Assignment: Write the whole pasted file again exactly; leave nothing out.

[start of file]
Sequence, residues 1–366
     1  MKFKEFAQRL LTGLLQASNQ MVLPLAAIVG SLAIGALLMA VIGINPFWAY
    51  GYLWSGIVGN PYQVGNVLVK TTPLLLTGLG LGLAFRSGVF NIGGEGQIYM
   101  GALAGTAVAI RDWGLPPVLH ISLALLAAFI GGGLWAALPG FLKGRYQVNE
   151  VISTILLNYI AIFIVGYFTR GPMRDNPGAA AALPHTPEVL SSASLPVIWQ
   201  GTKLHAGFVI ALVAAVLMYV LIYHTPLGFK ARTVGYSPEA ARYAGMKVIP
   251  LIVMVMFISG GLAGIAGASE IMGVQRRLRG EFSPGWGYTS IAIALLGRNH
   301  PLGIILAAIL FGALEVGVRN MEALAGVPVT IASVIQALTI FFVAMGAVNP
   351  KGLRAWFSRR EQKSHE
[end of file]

Sequence, residues 1–366
     1  MKFKEFAQRL LTGLLQASNQ MVLPLAAIVG SLAIGALLMA VIGINPFWAY
    51  GYLWSGIVGN PYQVGNVLVK TTPLLLTGLG LGLAFRSGVF NIGGEGQIYM
   101  GALAGTAVAI RDWGLPPVLH ISLALLAAFI GGGLWAALPG FLKGRYQVNE
   151  VISTILLNYI AIFIVGYFTR GPMRDNPGAA AALPHTPEVL SSASLPVIWQ
   201  GTKLHAGFVI ALVAAVLMYV LIYHTPLGFK ARTVGYSPEA ARYAGMKVIP
   251  LIVMVMFISG GLAGIAGASE IMGVQRRLRG EFSPGWGYTS IAIALLGRNH
   301  PLGIILAAIL FGALEVGVRN MEALAGVPVT IASVIQALTI FFVAMGAVNP
   351  KGLRAWFSRR EQKSHE